18 December 2017

The biggest risks to service users this winter

Winter is a challenging season. The cold and darkness can be overwhelming for some of our service users. Age UK reported that older adults in the British Isles face higher risks in the winter compared to other European countries. So what should we, as healthcare professionals be aware of?

Vitamin D deficiency

Risk: The sun is weaker and out for shorter periods of time in the winter, making it difficult for service users to get enough exposure to produce vitamin D, especially if they have reduced mobility. Lacking vitamin D is bad for your health at any age, but can be particularly dangerous for those over 65 as they have an increased risk for developing osteoporosis [a decrease in bone density that can contribute to broken bones].

Tip: Encourage service users to eat more food sources of vitamin D, such as salmon, tuna, mackerel, mushrooms, eggs and milk. Try to get service users outside for up to 30 minutes a day.

Extra advice: 4-ounce serving of salmon offers us 265% of our daily recommended allowance of vitamin D.


Risk: The flu typically peaks in January and February during the brunt of winter and can be a huge killer of vulnerable people. This respiratory illness spreads from person to person, mostly through coughs, sneezes and even talking.

Tip: Service users can receive flu jabs via their GP. Avoid contact with those who are ill and avoid touching your eyes, nose and mouth.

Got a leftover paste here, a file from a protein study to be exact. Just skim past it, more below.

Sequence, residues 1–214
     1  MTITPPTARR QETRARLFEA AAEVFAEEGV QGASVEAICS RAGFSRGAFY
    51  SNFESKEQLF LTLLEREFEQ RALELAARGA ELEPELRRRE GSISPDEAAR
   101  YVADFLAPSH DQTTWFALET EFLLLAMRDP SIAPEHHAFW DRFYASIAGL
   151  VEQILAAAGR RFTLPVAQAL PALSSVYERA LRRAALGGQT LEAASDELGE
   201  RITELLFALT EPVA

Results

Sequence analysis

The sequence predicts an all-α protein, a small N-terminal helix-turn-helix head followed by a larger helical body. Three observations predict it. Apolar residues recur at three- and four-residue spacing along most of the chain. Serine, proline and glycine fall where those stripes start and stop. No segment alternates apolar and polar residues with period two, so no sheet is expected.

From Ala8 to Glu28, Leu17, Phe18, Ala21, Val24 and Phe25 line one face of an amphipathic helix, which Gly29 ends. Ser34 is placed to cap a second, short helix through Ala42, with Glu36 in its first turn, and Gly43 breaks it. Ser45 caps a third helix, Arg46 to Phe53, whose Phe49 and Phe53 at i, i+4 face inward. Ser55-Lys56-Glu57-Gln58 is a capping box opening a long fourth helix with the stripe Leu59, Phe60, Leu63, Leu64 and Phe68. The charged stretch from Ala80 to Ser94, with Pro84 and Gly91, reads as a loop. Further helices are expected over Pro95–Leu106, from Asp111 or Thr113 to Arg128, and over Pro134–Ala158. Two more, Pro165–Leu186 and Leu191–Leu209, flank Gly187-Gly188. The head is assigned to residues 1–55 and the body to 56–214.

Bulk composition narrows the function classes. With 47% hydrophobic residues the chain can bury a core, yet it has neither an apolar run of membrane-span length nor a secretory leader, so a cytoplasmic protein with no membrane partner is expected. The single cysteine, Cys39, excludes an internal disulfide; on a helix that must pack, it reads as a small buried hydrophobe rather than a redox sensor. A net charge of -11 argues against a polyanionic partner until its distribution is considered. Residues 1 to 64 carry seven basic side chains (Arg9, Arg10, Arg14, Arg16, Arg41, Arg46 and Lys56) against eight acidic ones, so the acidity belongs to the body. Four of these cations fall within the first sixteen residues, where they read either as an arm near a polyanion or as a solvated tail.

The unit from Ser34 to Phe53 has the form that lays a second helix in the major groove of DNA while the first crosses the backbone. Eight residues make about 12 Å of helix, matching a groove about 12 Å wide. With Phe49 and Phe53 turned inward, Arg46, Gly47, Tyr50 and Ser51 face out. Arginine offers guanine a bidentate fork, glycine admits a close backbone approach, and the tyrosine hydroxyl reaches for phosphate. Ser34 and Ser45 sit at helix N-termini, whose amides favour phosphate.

Extra advice: Those service users who suffer from chronic health problem such as heart disease, respiratory problems, renal disease, diabetes, anemia, or any disease that weakens the body's immune system are more susceptible.

Did you know? In 1918 a flu pandemic killed 50 million to 100 million people around the world.

Heart attacks and high blood pressure

Risk: The cold weather puts more strain on the heart, thickens the blood and makes a clot formation more likely to occur as well as increasing blood pressure. When your body is cold, your heart has to work harder to maintain body heat and keep you warm.

Tip: Ensure service users wrap up warm when going out, use a hot water bottles, heat rooms to at least 18 degrees and advise them to use an electric blanket in bed.

Extra Advice: Wearing two or three thinner layers of loose-fitting clothing is warmer than a single layer of thick clothing.

Did you know? There are an extra 8,000 heart disease deaths throughout winter in the UK.


Risk: Norovirus is an extremely infectious stomach bug. It can strike all year round, but is more common in winter and in places such as hospitals and nursing homes.

Tip: When service users are ill with vomiting and diarrhoea, it's important to get them to drink plenty of fluids to prevent dehydration.

Loneliness [also known as WinterSADness – Seasonal Affective Disorder]

Risk: Seasonal Affective Disorder is a form of depression which can occur throughout the year, but it typically hits most people in the winter. Service users affected begin to feel the symptoms of depression, including: a loss of energy, an increased appetite and an enhanced feeling of lethargy and tiredness.

Tip: Talk to the service user, find out their interests and the type of experience they are facing, is it isolation or loneliness? Find out what local activities are being planned in the community and sign them up to activities they are able to do: walks, singing groups, book clubs and bridge.

Extra advice: SAD is more likely to strike women and those who live in northern areas where the sun is not as strong or constant.

Did you know? Two fifths all older people (about 3.9 million) say the television is their main company.

If you have questions about how to support our service users this winter, our Clinical Nurse Advisor team are on hand 7 days a week. Just give your branch a ring to talk to one of the team.

**Remember to always check your care plan before taking any action**